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    Identity, power, and social work practice in India
    (2023) Vareed, Baiju
    A person's identity puts them in different social categories, positions, and statuses. An individual's social position has corresponding power or powerlessness, which influences their interaction with others in the community. The individual identities, social positions, and authority of social workers place them in a higher level of power in relation to the people they serve. This imbalance of power between social workers and clients affects the helping process. This article discusses how personal identity and power influence social work practice in the Indian context. Social structures like caste-based discrimination and patriarchal norms contribute to inequitable social positioning in the country. Following a critical social work approach, the paper presents the different dimensions of power in the social work relationship and proposes means for sharing power with the clients.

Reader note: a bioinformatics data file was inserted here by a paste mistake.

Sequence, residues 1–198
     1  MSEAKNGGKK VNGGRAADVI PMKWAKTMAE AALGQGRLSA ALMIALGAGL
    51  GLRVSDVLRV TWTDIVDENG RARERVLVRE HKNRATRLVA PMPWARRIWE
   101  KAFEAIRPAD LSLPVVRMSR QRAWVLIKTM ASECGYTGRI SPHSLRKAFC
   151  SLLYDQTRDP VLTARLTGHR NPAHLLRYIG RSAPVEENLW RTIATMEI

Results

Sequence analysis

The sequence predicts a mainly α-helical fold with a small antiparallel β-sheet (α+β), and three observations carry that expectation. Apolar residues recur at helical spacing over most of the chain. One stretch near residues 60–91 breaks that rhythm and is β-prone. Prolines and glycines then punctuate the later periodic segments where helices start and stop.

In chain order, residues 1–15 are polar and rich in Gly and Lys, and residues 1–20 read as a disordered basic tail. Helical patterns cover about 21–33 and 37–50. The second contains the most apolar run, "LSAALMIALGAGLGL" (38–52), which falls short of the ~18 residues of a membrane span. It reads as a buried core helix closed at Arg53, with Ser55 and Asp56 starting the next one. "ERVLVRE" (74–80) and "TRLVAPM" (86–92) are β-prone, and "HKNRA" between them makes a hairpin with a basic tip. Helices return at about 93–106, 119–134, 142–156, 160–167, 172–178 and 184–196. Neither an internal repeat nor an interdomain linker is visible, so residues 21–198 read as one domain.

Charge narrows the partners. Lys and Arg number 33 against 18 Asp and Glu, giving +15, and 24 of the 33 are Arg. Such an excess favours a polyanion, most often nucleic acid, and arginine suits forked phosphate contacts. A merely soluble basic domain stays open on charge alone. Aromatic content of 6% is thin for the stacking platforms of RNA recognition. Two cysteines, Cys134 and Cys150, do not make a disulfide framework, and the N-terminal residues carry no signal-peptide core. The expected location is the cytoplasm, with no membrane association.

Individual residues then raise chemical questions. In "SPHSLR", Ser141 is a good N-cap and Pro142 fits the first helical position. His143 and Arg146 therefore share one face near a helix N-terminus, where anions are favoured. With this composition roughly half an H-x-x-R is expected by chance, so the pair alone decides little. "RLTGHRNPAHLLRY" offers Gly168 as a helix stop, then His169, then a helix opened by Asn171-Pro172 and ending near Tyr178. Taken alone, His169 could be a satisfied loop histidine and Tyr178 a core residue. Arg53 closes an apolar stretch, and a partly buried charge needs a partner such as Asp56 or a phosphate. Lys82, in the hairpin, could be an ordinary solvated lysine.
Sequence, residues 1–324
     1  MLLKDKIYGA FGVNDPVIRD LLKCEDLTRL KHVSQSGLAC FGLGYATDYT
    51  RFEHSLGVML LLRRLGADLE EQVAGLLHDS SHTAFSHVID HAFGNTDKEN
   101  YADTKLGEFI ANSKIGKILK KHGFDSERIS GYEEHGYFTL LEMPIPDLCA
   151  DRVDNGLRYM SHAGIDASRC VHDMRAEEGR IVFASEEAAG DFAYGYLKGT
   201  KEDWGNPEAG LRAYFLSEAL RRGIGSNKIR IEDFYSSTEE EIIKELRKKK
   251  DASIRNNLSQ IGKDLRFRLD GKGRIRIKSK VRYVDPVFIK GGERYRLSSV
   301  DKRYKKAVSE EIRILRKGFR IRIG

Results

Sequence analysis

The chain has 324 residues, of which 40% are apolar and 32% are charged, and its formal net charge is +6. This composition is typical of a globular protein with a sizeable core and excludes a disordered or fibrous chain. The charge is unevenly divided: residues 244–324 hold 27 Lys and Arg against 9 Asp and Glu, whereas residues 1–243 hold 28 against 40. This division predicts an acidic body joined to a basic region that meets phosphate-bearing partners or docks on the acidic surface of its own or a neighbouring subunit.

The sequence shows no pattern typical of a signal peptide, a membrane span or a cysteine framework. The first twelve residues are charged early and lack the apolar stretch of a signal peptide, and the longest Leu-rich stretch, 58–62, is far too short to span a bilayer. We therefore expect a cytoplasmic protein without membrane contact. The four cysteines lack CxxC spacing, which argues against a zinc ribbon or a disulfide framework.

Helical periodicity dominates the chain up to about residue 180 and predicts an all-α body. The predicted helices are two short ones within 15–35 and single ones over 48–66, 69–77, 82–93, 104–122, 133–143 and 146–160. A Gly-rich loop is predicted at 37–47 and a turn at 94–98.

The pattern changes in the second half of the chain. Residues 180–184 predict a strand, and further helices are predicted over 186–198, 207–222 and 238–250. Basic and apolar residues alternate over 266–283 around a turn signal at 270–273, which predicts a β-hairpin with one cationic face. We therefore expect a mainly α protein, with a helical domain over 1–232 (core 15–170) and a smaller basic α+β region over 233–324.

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    Social inclusion and immigrant older adults
    (2021) Tong, Hongmei; Walsh, Christine A.; Bouchard, Nathalie; Lai, Daniel W. L.
    Social inclusion is crucial to older adults as it facilitates them to stay actively; gives them a sense of belonging, purpose, and accomplishment; and enhances their quality of life. Social inclusion also offers opportunities for older adults to continue contributing to the development of society based on their needs, preferences, and abilities. Given the population of immigrants has grown globally, and immigrant older adults are often neglected in policy making, this chapter will discuss the concepts of social inclusion and social exclusion in the context of immigration and specifically for immigrant older adults based on current literature and previous studies. Policy implications and practice recommendations will be outlined.
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    Refugee status is associated with double the odds of psychological distress in mid-to-late life: findings from the Canadian longitudinal study on aging